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Ratings and Book Reviews (2 3 star ratings
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    Hilarious Look at Serious Problem

    One good Jennifer Beckstrand deserves another. Or 10, as this series, The Matchmakers of Huckleberry Hill proves. While Home on Huckleberry Hill is my first Huckleberry Hill book, the book stood alone great. Home on Huckleberry Hill, #9 in the series, is a hilarious look at a serious problem. One that a good Amish couple would never, ever have. Starting with Mary Anne’s octogenarian grandparents, you will be doubling over in laughter by the first page. Ah, the dirty secrets of the Amish. Mary Anne certainly has one. After a miscarriage four years ago, she has grown so estranged from her husband, Jethro, that she wants a divorce. But, of course, there is no such thing in the Amish church. Mary Anne creatively finds a way to escape Jethro’s overbearing ways. If only she could keep her decision between her and Jethro. No such luck. “Gossip traveled faster than a runaway horse in Amish country, but it seemingly traveled like lightning in an Amish grocery store.” As I read this book, it was easy to reflect on the early years of my marriage, and even selfish moments since. Who gives in? Who declares themselves wrong? Who steps up to the plate and magnanimously, truly, forgives and moves forward? I loved Mary Anne’s mammi and dawdi, but after a while I did want to tell them to stop insulting Jethro by name-calling. I was half-afraid that, though Jethro had indeed ignored his wife, the whole burden of the failed marriage would land solely on him. Ack! Jethro’s family! Especially his mamm and his brother, Willie Jay. “Willie Jay had no idea how entertaining he was from a distance.” But up close he’s a terror of a sermon. As the bishop put it so well (and I hope we see more of him in the other books), “I can’t make anybody do anything, and I wouldn’t want to. Gotte will force no man to heaven.” But will Jethro use the Scriptures to force Mary Anne back to him? Or will he finally look at himself and say, “Is it I” causing the problems? Will Mary Anne hold out forever or will she tear down some walls and forgive? If you haven’t read Beckstrand before, you’re in for a treat. Her sense of humor is hilarious and inventive. And you will feel like you’ve grown with the characters along the way. I received a complimentary copy of this book from the author through Celebrate Lit. This does not affect my opinions, which are solely my own.
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    Clever tale of a marriage restored to love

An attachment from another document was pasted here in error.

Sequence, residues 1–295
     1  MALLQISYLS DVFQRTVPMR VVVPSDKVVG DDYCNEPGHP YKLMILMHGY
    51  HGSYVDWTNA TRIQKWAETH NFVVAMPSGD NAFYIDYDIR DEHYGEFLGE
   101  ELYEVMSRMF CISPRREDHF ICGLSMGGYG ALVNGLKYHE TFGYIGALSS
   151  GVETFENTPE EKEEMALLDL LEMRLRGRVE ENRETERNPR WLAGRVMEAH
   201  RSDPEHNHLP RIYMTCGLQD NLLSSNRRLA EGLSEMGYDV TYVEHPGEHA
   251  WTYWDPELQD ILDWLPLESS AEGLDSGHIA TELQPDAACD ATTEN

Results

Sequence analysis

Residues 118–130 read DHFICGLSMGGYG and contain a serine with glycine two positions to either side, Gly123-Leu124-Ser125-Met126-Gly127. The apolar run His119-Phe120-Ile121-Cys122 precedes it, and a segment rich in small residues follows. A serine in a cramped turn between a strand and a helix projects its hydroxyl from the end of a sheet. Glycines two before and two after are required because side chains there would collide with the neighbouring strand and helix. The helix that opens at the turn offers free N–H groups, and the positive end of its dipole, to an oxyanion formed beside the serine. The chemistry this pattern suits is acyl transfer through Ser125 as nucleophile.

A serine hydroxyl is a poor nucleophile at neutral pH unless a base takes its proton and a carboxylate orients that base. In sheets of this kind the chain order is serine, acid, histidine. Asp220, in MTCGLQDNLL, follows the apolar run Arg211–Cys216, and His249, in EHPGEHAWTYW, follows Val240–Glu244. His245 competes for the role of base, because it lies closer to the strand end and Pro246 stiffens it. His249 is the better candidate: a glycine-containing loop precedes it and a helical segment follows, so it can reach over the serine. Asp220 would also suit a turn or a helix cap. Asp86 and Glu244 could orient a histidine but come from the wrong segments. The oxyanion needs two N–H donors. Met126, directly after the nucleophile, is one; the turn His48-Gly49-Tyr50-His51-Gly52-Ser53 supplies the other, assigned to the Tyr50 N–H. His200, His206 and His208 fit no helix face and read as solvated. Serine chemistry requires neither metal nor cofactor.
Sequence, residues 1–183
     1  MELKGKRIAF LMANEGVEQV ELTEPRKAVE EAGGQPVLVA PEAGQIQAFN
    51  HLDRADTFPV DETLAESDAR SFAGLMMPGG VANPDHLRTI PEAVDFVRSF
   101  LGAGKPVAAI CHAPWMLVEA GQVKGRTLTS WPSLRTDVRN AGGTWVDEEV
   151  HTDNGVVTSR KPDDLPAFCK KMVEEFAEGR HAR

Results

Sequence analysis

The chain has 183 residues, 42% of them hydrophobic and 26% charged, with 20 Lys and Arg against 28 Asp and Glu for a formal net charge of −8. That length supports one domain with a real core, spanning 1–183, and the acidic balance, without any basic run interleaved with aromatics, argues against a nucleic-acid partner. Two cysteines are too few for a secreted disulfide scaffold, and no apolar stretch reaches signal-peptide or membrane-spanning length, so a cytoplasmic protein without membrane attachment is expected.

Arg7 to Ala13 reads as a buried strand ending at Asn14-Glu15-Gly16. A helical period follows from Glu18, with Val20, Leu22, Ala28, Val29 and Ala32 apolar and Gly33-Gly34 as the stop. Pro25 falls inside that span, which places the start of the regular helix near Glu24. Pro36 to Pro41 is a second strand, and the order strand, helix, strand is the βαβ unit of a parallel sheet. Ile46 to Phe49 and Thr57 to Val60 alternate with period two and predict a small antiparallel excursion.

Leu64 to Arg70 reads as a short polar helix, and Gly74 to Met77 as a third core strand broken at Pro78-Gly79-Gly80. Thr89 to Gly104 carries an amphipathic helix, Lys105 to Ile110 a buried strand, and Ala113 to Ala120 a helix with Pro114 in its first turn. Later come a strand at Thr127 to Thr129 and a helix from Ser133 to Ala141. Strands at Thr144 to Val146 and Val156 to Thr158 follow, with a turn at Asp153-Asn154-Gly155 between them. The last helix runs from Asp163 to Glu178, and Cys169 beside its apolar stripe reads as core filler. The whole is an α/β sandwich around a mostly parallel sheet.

After only a few pages of Home on Huckleberry Hill, I was put in mind of how much I enjoyed Jennifer Beckstrand‘s book Abraham. If you haven’t read it yet, check it out. Her books make me laugh and, at times, cry! I laughed as Anna Helmuth, Mary Anne Neuenschwander‘s mammi, reminisced with her husband, Felty, their own past marital troubles as she plans to fix Mary Anne and Jethro’s troubles. She is delightfully unconcerned with the neighbors eavesdropping in the aisles of the grocery store who quickly start a rumor that these grandparents are considering getting, shockingly, divorced! “We’ve given them all a little excitement to start their day. It does my heart good to see it.” Mary Anne can’t stand being taken for granted any longer. She moves out to live in the woods. The Amish cherish marriage and do not believe in divorce. At first, Jethro is appalled that Mary Anne would take his tent, cot, and sleeping bag among other things. He feels entitled to ownership over everything because he earns the money to purchase things. He is also embarrassed. Not everyone approves of what Mary Anne did. Her grandparents, Anna and Felty, are staunch supporters though. They move into the woods to show ’solidarity’ and maybe have a plan to help arrange a marriage truce. Cousins also join in the show of solidarity. The woods behind Mary Anne’s home fills with the noises of children, a dog, and even a few chickens. I can’t think of a funnier way to encourage Mary Anne to move back home! Eventually, after some awful decisions, Jethro begins to ask himself if he is part of the problem. His efforts to change are touching as his sweet and tender regard for Mary Anne returns. It was encouraging to see this marriage return to the bliss they had before. Marriage isn’t always easy but it is worth fighting for to make it work (in cases where there is no abuse, etc.). Read this excellent Amish romance! Home on Huckleberry Hill is charming and oh so funny. The loving amends at the end is worth it. I received a free advanced reader copy of this book. All opinions are completely my own.
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